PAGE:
After Carl’s arrival, the house was divided into three camps. Grandmother held her own in the parlour. Carl held court in the dining room. Mother commanded the kitchen. Between the three areas there was never a dull moment. As people arrived they were invited to pay their respects in the parlour. Candles burned brightly around the coffin. Grandmother stood beside the box. Several women were nearby fingering rosary beads. There was no music, no laughter, no drinking. The room was gravely silent. After signing a register, visitors had a bite to eat. Menfolk ended up in the dining room where Carl entertained with tales of prospecting and life in the bush. The women congregated in the kitchen.

One of those wooden crates held an ample supply of liquor destined for the menfolk. The women sipped Grandmother’s dandelion wine that could knock-the-socks-off the strongest man. People that dropped in over mealtimes were invited to sit down with the family. Tables were set at both grandmother’s house, and ours, across the driveway. Several stayed through two meals.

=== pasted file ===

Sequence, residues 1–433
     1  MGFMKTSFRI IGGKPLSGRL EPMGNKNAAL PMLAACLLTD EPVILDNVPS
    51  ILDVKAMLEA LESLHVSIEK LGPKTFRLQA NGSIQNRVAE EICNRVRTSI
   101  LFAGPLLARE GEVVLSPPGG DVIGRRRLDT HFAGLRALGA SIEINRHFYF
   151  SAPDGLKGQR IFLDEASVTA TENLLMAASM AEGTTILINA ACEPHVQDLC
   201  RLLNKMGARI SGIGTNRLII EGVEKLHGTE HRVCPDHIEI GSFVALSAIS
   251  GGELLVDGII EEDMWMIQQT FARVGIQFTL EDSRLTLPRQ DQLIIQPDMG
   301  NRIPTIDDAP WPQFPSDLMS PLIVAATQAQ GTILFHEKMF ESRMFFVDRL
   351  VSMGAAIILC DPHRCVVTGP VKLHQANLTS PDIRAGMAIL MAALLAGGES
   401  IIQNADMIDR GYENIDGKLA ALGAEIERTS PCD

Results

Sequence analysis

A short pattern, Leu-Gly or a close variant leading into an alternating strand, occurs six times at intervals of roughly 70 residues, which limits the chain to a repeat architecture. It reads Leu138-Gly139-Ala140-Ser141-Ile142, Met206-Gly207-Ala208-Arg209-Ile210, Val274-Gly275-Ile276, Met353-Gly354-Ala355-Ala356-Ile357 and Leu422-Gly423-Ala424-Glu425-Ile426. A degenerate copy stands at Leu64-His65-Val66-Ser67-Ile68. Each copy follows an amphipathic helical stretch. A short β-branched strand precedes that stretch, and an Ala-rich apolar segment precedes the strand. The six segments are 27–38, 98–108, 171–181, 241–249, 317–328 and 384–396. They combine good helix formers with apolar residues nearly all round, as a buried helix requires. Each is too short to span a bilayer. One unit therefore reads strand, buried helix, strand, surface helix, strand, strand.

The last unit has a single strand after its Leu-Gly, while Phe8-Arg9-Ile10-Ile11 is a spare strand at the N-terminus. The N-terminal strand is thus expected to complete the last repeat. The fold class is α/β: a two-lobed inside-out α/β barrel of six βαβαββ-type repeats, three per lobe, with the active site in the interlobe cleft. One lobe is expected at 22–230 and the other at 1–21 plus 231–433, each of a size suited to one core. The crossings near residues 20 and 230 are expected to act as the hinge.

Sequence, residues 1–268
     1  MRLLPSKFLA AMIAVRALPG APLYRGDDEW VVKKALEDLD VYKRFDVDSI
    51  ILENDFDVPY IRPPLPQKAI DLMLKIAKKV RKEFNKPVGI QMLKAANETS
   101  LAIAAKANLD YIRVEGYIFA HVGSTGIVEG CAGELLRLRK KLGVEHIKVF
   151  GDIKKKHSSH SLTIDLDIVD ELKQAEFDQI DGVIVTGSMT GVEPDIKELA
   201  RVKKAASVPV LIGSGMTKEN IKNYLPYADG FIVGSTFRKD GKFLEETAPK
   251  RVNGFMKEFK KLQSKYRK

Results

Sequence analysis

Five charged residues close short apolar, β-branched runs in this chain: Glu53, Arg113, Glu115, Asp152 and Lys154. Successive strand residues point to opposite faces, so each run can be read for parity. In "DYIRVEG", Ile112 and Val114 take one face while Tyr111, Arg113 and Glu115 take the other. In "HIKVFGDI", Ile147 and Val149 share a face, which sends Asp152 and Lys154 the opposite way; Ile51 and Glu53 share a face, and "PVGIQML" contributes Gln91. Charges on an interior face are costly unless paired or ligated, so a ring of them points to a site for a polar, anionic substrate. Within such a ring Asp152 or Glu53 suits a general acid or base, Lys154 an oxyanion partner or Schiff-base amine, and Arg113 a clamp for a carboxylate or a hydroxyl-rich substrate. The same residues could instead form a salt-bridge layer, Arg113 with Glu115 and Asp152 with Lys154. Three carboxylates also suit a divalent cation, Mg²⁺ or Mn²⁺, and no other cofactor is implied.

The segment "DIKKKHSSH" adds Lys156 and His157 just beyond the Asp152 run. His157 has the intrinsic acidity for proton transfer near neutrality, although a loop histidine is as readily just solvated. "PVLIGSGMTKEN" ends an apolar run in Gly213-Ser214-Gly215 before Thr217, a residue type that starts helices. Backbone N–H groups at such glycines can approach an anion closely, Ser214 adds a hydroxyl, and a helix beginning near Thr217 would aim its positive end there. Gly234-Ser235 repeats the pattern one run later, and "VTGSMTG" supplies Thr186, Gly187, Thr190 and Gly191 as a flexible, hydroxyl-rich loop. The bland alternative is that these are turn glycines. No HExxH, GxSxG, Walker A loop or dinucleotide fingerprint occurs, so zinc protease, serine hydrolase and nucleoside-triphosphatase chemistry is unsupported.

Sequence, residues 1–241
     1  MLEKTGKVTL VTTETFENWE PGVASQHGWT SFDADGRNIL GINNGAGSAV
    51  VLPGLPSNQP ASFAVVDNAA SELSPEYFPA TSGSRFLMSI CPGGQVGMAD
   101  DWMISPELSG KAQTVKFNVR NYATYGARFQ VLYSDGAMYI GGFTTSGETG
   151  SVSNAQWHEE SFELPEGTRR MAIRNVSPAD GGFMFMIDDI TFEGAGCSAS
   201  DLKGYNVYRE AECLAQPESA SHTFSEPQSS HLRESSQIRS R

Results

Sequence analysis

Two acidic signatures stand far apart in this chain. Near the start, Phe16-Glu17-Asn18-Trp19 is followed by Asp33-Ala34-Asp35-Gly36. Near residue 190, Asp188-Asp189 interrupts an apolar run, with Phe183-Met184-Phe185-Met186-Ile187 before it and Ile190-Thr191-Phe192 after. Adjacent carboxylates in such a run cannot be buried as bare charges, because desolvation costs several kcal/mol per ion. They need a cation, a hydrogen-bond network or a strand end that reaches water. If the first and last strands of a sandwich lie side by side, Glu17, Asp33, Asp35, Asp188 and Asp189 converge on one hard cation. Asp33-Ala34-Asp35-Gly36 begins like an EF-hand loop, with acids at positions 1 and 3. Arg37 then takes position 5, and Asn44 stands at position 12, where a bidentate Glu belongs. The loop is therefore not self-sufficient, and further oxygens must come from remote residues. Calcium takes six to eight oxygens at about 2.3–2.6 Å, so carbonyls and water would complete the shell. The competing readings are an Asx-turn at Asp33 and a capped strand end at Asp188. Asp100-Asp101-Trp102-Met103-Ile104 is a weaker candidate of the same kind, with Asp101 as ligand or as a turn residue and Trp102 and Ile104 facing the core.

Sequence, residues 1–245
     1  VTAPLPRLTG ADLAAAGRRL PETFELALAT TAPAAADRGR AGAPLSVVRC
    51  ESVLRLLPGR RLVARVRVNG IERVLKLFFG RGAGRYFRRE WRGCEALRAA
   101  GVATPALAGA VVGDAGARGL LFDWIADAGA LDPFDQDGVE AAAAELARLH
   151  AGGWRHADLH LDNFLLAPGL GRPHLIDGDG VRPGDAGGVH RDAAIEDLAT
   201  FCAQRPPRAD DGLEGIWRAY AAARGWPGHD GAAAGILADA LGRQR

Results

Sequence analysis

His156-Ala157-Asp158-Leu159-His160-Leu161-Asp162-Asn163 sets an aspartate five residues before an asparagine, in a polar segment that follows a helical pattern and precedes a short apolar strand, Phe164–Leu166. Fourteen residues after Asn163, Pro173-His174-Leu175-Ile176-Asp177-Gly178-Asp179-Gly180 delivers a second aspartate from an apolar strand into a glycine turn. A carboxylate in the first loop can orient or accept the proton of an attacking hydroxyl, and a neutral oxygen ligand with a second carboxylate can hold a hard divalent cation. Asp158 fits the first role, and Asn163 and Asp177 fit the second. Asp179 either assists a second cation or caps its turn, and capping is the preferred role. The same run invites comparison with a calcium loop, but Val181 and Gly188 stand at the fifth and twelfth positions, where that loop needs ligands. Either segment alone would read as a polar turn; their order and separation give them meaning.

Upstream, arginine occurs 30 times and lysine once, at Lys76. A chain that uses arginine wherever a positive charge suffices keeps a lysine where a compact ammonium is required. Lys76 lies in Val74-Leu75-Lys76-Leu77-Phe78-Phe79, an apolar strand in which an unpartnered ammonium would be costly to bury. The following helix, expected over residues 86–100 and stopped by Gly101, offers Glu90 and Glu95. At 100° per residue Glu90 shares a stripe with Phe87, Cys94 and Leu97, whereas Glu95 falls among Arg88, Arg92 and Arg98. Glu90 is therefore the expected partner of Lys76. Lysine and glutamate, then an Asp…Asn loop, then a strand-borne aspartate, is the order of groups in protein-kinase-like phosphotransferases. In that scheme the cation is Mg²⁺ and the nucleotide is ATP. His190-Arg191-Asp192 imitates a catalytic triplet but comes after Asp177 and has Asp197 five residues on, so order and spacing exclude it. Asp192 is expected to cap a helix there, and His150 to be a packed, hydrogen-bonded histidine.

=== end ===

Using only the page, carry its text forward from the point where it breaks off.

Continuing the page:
Great-granny, never alone, resided in the parlour over two nights before being taken out the front door for a short ceremony at St. Joseph’s church. Exiting with the coffin was much easier because the front door was wider than the back entrance. There was one final small touching incident. Before the coffin was put in the hearse it was turned to fully face Great-granny’s house, next door to Grandmother’s property. A prayer was offered that wished her Godspeed on the voyage that was taking her into uncharted skies. It was said by rough and tumble Uncle Carl with many a tear in his eye.